You can read more about gothic horror in dungeons here:
Ok, so what I am saying is that the DM role plays reality. Pretty simple really.
Lets get back to talking about maps.
Ok, we've come to a better understanding of how dungeon maps should be interpreted. There's a lot of stuff that never gets written down, it's made up during a game. And each level should be separated vertically by some distance.
Scaling the Map
Arneson's Blackmoor was drawn in several scales. The upper levels were drawn on a 1 square is equal to 10' grid. The 4th level and the 5th level were much more expansive. Those two levels come with a standard map and a larger map drawn to a 30' per square scale. The reason for this is that those levels run right under the town of Blackmoor. You can start up in the castle and work your way down and pop up anywhere in town.
The deepest level is drawn on a 20' per square scale. This is where the big critters live, so you are going to need wider tunnels for them to get through.
On the larger scale maps that show sections below the town, tunnels are drawn as lines. The caves down here can now be really large.
Scaling the Riverine Cavern Complex
I wanted this tunnel complex to be very large. Big tunnels that go for hundreds of feet. It should be a mix between a dungeon and a wilderness.
I've decided not to scale my map at all. I will just put breaks between points of interest and note the distances. The players will begin at the top of a tall mountain and then come out at the bottom thousands of feet below.
I will describe each location, yet I am not going to bother with a detailed map until the players are exploring the location.
The Ice slide
The entire cave complex is cold. Hopefully everyone has brought a cloak.
One side passage is so damp that ice has formed on everything. Before long the front rank of players will find themselves on a steeper incline as the passage winds downward. They will have to keep from slipping and sliding further down. Iron spikes and rope would come in handy here. Anyone one who loses their footing will slide 100 feet to the next location.
At the bottom of the ice slide is the chosen haunt of some wraiths. These ladies are very affectionate and willing to give a PC that special experience level draining touch.
If you play OD&D, or AD&D, consider having 2 of these creatures vs. a party of 1st level characters. Keep the encounter level inappropriate, IMHO.
This is a really high risk encounter. i.e the best option is to run away.
One should expect to lose a couple PC's here if they aren't careful.
If the players do manage to kill these undead, they should find a lot of treasure here. High risk means great reward. Everything from coins to a variety of magic items will help boost up who ever lives through fighting these wraiths.
That takes care of today's venture into the caves.
If you haven't already, you can check out some of our free videos on You Tube. This one is a favorite of mine:
As I have been writing up my little adventure, I've also been watching people discuss things in Social Media. Sometimes a real gem pops up. In this case it was a write up by a gamer who plays contemporary D&D, but says he misses something about the earlier editions.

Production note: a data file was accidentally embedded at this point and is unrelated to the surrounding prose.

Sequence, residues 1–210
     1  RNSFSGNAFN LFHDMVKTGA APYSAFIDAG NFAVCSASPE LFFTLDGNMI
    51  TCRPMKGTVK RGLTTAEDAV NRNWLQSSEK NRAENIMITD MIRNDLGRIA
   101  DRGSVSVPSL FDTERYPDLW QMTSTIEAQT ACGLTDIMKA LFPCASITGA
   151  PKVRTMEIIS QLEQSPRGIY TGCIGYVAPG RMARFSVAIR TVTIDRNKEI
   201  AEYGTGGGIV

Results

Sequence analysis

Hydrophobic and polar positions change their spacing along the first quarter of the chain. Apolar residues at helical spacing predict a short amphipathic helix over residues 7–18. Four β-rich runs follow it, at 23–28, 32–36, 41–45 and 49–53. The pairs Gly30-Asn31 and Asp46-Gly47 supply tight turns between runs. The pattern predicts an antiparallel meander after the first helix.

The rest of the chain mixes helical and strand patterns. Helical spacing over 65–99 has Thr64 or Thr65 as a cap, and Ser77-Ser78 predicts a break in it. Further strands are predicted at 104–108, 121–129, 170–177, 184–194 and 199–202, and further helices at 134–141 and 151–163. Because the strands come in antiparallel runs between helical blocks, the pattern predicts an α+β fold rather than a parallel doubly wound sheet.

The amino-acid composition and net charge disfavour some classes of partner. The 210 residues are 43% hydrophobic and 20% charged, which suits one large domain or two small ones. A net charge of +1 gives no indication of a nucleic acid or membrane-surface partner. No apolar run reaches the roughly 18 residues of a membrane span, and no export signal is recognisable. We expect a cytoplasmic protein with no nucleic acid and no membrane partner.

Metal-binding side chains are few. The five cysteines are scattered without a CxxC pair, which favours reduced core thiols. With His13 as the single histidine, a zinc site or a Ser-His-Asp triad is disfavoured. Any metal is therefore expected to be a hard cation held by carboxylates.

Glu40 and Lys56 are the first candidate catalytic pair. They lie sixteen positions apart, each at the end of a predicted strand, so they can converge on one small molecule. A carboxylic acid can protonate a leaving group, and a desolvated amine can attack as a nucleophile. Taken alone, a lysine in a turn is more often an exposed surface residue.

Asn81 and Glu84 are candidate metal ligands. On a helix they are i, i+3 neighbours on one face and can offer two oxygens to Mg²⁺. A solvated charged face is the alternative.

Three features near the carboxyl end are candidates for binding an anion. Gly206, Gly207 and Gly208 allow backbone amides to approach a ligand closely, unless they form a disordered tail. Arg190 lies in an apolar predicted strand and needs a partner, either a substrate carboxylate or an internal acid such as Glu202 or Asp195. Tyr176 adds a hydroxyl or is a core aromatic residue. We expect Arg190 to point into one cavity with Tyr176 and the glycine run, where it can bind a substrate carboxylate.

He intuited the same lack of true danger that I often speak of. The feeling of not knowing what is next and how dangerous it could be that keeps players on the edge of their seats.
I asked George Wilson if he was a blogger, because I felt this should be preserved somewhere where gamers can see what he wrote and consider running a much more out of control game, where players have to earn their experience, or die trying. Since he is not a blogger, I will post his words here. (Yes, I have permission.)
I found his comments worthy of signal boost because he isn't shaming, or belittling anyone or their game. He is merely observing that an element of what he loves about gaming is missing.
I was playing a solo session a couple nights ago with a friend of mine, and realized what has been missing from the other campaigns I have played in over the past year.
The other campaigns are run by very creative young men. They have great ideas, interesting campaign worlds, and their games are a lot of fun, but in the back of my mind there has been a nagging feeling that something was missing.
The game I played in Thursday night is run by someone who, like me, has been playing since the 70's. The something I realized I had been missing in those other campaigns was that feeling that the campaign existed outside of my character being in it.
In the younger guys' campaigns everything always feels like it is there specifically for the PC's. The encounters are generally balanced and there is a reasonable chance of winning the encounter.
In the game the other night, I stumbled into something that was just there, and clearly was not an encounter that had been designed with me in mind. I ended up in a running fight with nine NPC's, that I only survived because of a good use of terrain, tactics, and one hell of a lucky string of die rolls. It was the most alive I've felt playing the game in many years.
That used to be the norm in the AD&D games of my youth. My campaign was built around the idea that it was a living world, that not everything and everyone was level appropriate for the party, because nature just isn't like that. The natural world is a mix of everything from the lowliest to the mightiest side by side. It wasn't something I remember any of us consciously thinking about when we designed things, it was just something that was and our campaigns and our random encounter tables reflected that. It was common back then to stumble onto something you knew right off that you couldn't handle, and spend the next while desperately trying to figure out how to get out of that situation alive.